A novel in three acts that centre around the middle sister whose behaviour goes relatively unnoticed by those around her until she decides to become vegetarian, because “I had a dream“.
I’m already under the spell of Han Kang, having read Human Acts earlier this year, an extraordinary and unique book and I find The Vegetarian equally compelling, perhaps even more disturbing, a visceral, disturbing depiction of the fragility of the mind and the strange mechanisms, illusions we attach to in order to cope. It won the Man Booker International Prize 2016 and I’m reading it as part of #WITMonth, reading women in translation.
The Vegetarian reminded me of the distressing yet refined style and experience of reading Yoko Ogawa’s novel of interlinked stories Revenge and the shock and compulsion of Ken Kesey’s One Flew Over the Cuckoo’s Nest but really it is in a league of its own, a remarkable literary expression of the effect of people, our external environment and of our internal methods of coping, questions Han Kang poses through the situations she puts these characters into and our observations of what then happens.
The book is structured into three parts:
I. The Vegetarian – right from the beginning Kang draws up the husband and wife (Yeong-hye) characters with such precision, skill and intrigue, I was completely hooked from those initial pages. Their uneventful life changes suddenly with her decision to become vegetarian, bringing out the worst in everyone.
Before my wife turned vegetarian, I’d always thought of her as completely unremarkable in every way. To be frank, the first time I met her I wasn’t even attracted to her…However, if there wasn’t any special attraction, nor did any particular drawbacks present themselves, and therefore there was no reason for the two of us not to get married.
II. Mongolian Mark – this is a reference to a kind of birthmark that disappears post adolescence, it becomes the cause of an infatuation by Yeong-hye’s narcissistic brother-in-law, the obsessive video artist who is inspired to create what he perceives will be his greatest work, if he can convince his sister-in-law to become the subject of his oeuvre, and balance the fine line between art and pornography.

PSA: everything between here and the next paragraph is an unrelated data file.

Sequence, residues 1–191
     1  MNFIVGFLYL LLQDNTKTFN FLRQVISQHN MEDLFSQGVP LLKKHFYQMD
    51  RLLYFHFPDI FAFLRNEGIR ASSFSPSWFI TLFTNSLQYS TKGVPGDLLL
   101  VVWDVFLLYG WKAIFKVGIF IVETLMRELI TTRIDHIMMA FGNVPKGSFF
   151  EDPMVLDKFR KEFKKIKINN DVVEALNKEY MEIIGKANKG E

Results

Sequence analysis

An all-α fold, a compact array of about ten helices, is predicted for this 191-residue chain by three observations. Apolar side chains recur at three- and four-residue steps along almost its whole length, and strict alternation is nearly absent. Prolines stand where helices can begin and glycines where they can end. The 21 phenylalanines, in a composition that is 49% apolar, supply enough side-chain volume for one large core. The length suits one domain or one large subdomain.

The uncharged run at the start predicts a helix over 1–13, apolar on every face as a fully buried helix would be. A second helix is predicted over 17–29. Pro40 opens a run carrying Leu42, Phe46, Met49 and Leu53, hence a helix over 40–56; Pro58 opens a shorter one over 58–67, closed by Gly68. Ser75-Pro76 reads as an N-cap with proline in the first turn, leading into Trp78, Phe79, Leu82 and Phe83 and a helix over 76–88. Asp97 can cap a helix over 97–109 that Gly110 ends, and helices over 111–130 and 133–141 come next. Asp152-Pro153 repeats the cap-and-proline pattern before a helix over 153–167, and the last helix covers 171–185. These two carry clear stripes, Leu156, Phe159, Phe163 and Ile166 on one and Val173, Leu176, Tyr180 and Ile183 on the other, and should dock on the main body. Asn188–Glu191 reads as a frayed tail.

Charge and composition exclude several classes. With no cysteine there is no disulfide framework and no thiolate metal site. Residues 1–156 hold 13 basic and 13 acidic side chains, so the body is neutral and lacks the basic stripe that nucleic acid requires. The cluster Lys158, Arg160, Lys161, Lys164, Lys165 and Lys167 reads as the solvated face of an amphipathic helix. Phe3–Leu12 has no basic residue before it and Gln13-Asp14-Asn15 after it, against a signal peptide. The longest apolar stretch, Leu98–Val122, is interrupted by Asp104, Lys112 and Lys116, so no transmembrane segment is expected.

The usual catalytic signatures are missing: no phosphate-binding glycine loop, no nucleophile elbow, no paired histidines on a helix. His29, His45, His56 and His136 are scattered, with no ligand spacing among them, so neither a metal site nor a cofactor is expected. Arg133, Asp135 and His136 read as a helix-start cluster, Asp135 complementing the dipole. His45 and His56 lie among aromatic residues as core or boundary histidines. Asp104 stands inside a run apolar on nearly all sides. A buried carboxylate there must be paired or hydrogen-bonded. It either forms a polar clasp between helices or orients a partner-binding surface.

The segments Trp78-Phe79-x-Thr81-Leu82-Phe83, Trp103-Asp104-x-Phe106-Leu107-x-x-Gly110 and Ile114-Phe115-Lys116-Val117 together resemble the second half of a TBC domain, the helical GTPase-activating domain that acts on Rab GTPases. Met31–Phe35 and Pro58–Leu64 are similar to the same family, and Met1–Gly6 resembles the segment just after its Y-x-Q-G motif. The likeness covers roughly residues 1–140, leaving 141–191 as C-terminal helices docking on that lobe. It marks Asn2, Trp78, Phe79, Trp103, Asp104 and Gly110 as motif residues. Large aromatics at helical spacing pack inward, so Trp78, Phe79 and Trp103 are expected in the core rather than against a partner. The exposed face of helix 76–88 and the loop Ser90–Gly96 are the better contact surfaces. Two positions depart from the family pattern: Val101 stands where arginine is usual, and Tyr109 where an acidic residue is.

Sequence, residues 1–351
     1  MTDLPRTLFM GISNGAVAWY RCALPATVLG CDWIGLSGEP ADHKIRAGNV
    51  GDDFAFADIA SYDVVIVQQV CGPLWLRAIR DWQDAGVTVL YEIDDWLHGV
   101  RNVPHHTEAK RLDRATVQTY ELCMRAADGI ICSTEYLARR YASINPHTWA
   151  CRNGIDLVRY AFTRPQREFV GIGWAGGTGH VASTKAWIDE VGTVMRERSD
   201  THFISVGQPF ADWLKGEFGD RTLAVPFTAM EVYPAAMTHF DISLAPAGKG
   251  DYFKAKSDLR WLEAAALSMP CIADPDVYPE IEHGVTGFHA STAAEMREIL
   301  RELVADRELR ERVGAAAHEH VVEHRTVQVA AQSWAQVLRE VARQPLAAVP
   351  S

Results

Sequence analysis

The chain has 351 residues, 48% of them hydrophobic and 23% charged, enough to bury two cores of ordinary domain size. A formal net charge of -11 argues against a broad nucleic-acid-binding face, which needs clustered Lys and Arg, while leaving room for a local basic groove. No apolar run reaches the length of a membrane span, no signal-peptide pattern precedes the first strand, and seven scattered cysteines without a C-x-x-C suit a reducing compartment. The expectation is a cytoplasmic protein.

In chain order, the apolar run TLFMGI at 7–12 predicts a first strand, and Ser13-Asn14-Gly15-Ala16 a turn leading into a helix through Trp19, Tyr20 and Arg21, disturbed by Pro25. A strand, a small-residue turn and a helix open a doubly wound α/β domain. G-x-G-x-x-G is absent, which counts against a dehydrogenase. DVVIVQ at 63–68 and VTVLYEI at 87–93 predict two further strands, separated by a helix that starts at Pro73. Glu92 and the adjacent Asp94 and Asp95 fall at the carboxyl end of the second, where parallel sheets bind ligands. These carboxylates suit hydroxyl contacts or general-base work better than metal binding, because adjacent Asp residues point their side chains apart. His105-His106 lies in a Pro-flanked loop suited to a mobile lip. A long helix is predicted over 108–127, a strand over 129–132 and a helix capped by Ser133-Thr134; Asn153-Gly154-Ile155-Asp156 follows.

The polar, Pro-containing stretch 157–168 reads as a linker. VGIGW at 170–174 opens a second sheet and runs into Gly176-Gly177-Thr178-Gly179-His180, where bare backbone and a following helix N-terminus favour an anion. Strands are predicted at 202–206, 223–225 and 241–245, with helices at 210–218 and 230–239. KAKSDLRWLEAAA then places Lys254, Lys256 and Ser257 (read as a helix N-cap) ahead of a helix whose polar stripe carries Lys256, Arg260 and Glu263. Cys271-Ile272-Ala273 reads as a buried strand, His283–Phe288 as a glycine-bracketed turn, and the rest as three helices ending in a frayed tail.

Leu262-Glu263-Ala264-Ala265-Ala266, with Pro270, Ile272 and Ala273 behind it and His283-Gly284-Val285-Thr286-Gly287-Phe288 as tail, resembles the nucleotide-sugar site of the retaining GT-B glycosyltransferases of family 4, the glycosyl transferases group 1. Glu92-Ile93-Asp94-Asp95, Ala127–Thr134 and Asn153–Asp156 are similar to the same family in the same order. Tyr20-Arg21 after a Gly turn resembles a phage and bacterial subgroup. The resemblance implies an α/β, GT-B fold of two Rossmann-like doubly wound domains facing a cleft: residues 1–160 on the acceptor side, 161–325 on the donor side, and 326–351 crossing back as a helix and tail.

‘Will the dreams stop now?’ she muttered, her voice barely audible.
III. Flaming Trees Yeong-hye is in a psychiatric hospital, her sister her only visitor, the visits and the realisations she is having take their toll on her as she begins to understand her sisters descent from being human into believing that she is like or wishes to become a tree, that all she needs is sunlight and moisture, slowly depriving her human form of sustenance.
This pain and insomnia which, unbeknownst to others, now has In-hye in its grip – might Yeong-hye have passed through this same phase herself, a long time ago and more quickly than most people? Might Yeong-hye’s current condition be the natural progression from what her sister has recently been experiencing? Perhaps, at some point, Yeong-hye had simply let fall the slender thread which had kept her connected with everyday life.
It’s a sad tale of a woman’s descent into madness and how it affects those around her and has the reader wondering if this was brought about by the effect of attitudes and behaviour towards this one woman or whether this was something that was in her all along, something that is in everyone and under certain terrible circumstances can degenerate a sensitive human being into such a state.
Not one to let the reader off so easily Han Kang explores all avenues and leaves the reader continuing to ponder the same questions that perhaps inspired her to create this extraordinary, award-winning novel.